[rfc-i] RSE role

Glenn Kowack Glenn at RiverOnce.com
Thu Jan 20 11:02:02 PST 2011

On Jan 20, 2011, at 3:45 AM, Julian Reschke wrote:

> On 19.01.2011 20:54, Ted Hardie wrote:
>> ...
>> So, I think the key point here is that cross-stream coordination role
>> that the RSE has is specific to editorial and publications points,
>> since content has been explicitly ruled out.  Leading discussions on
>> those points actually requires pretty significant expertise with them,
>> or the policy that's returned may be unimplementable and/or way out of
>> the mainstream.
>> Ideal from at least my perspective is someone who has both that
>> experience and IETF experience, but that's a pretty limited set and
>> the number of hours/pay may well make it the null set.  So we're left
>> with the question:  is it easier to grow a member of the community in
>> this domain, or easier to get someone with this domain knowledge to
>> build a reputation inside the community?  As long as we're clear that
>> we want the intersection at the end of the day, I think we can reach
>> this point, but it will take time either way.
>> My personal take is that absent the ideal case, it will be better to
>> hire someone with publication experience and grow their knowledge of
>> the community they will serve.  The risk in the other direction is
>> that we will have a respected member of the community who becomes
>> increasingly familiar with the way we already do publication, with
>> little to know exposure to how others do it.  That might limit our
>> ability to evolve the series to meet new needs.
>> ...
> +1 on the analysis in general.
> On the choice between these two extremes, I'm not that sure. Having IETF experience *would* be good; maybe Glenn could inform us about how long it took him to get up to speed about how things happen here.

   The short answer: 6 months.  Details: It took me roughly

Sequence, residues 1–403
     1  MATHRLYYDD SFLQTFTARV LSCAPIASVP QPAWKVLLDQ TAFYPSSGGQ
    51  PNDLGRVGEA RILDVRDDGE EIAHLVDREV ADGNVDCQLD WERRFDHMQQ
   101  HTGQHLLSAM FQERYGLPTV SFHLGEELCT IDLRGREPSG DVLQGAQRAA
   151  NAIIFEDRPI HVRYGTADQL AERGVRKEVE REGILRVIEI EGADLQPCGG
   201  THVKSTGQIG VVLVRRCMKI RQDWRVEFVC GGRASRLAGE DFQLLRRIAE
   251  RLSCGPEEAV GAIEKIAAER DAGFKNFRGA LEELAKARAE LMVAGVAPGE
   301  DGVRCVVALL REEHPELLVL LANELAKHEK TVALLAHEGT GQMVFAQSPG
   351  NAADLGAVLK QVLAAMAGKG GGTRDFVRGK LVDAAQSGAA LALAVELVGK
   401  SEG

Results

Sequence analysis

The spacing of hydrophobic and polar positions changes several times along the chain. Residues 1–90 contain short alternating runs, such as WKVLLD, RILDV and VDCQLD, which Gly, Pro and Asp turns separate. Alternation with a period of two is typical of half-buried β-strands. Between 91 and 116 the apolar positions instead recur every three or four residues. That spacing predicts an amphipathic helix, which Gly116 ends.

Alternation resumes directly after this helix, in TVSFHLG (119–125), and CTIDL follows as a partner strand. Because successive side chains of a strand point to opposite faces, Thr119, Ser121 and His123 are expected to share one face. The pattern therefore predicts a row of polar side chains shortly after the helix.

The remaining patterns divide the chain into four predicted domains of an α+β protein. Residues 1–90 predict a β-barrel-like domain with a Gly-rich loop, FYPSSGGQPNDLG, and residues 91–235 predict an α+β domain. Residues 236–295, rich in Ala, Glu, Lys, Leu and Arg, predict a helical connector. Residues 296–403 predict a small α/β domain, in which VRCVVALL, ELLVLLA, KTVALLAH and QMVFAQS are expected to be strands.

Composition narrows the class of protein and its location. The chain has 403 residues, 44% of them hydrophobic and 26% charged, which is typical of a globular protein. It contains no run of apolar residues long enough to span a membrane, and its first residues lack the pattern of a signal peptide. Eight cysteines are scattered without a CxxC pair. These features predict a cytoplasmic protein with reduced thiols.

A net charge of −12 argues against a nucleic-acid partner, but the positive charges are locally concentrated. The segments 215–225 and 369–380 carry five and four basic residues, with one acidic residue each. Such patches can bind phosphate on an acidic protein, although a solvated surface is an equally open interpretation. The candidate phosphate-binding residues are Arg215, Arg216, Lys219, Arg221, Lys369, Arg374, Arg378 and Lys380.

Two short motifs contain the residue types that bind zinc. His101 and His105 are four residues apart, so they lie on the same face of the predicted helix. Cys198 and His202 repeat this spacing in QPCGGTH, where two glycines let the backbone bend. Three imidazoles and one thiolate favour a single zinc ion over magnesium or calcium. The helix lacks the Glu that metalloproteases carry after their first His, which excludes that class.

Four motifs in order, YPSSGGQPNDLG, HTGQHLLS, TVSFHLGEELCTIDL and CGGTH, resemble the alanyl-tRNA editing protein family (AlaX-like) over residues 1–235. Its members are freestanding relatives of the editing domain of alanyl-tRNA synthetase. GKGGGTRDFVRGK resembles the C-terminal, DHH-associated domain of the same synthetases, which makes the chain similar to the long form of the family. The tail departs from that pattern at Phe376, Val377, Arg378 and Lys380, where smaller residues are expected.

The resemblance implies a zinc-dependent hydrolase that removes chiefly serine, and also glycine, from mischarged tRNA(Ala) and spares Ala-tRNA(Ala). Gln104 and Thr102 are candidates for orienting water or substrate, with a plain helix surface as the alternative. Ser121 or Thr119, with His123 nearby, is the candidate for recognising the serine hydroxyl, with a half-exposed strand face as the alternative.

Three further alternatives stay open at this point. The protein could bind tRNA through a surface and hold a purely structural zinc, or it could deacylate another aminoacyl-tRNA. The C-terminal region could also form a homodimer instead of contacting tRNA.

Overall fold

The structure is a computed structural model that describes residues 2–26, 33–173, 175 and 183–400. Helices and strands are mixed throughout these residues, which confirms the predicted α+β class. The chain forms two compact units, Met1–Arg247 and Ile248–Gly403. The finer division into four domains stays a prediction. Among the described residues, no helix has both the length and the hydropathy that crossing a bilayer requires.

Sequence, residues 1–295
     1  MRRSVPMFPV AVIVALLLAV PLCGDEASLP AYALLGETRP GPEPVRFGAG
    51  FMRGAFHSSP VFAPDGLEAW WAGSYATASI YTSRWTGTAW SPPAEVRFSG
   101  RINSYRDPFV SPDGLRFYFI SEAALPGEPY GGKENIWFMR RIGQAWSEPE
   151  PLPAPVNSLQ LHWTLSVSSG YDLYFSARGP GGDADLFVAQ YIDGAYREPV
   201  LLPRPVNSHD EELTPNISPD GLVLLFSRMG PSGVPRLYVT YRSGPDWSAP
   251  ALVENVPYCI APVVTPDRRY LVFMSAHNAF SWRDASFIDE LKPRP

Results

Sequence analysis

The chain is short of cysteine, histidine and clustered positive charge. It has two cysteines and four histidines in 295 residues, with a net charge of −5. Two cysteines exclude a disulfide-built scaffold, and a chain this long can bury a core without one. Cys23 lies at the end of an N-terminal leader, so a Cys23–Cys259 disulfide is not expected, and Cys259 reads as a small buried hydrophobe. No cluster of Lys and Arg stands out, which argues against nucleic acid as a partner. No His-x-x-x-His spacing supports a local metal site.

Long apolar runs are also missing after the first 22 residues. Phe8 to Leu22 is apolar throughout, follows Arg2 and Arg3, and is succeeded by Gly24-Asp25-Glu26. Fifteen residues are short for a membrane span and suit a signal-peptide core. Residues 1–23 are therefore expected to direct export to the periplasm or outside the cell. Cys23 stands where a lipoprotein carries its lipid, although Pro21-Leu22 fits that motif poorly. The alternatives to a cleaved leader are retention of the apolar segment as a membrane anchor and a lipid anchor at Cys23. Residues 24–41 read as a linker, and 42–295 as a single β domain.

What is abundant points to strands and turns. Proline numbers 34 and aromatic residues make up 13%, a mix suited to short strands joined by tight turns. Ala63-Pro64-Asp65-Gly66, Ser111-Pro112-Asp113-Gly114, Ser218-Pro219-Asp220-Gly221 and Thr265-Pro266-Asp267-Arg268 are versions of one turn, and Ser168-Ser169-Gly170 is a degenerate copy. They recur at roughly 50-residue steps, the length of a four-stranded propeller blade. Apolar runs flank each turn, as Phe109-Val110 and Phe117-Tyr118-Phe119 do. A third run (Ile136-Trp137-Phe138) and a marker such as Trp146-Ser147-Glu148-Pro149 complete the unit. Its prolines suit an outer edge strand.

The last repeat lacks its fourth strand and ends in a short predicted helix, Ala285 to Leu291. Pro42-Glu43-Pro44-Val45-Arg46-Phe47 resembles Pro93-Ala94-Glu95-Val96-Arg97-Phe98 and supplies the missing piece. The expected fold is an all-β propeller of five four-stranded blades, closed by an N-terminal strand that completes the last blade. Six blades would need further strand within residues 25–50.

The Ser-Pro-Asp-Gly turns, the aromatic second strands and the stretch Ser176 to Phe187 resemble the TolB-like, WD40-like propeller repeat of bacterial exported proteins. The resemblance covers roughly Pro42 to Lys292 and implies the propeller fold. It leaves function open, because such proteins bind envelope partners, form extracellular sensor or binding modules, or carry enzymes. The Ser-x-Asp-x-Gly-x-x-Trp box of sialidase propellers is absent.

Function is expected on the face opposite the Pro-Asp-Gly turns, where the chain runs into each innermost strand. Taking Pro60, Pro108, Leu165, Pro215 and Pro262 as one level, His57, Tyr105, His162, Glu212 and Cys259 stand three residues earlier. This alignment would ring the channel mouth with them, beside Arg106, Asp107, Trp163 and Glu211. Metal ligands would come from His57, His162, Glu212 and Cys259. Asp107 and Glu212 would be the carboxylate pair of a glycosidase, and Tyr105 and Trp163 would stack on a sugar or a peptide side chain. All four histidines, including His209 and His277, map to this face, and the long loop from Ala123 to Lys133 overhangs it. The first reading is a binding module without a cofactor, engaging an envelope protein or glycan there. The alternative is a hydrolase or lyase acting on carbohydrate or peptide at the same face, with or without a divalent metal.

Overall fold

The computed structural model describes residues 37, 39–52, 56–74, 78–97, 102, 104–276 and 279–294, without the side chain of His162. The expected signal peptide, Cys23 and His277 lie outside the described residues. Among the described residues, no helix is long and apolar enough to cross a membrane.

- 6 weeks to get a solid first-order understanding of all the moving parts that make the  Editor
		(including the IETF in Anaheim), the Series, the I*, and the RFC process, and to get to
		know the major players;
	- 2-3 months to get a good grasp the details behind those, and
	- 4-6 months to progressively nail down the vast majority of the remaining subtleties of the system.

It is significant that I did not receive any organized orientation; mine was largely self-organized.
RSAG members were enormously important to that, and they were very generous with their time. A
structured orientation (which I recommend in draft-kowack-rfc-editor-model-v2-motivations-00) will
make an big difference and could especially reduce the time required for a relative outsider.

Please note that my work has been heavily weighted toward TRSE analyses and commendations.
The new RSE should be able to focus far on RFC Editor issues and development, which could also
reduce the time required (or at least increase the steepness of the early part of the learning curve).

> On the other hand, I'd *also* appreciate an non-IETF point of view. I think one of the problems the future RSE will have to address *will* be publication formats, and for that it certainly is important not to start with a "we always did it this way" attitude.

A fresh perspective could indeed make a huge difference in how we collectively think about editor issues.


> Best regards, Julian
> _______________________________________________
> rfc-interest mailing list
> rfc-interest at rfc-editor.org
> https://www.rfc-editor.org/mailman/listinfo/rfc-interest

More information about the rfc-interest mailing list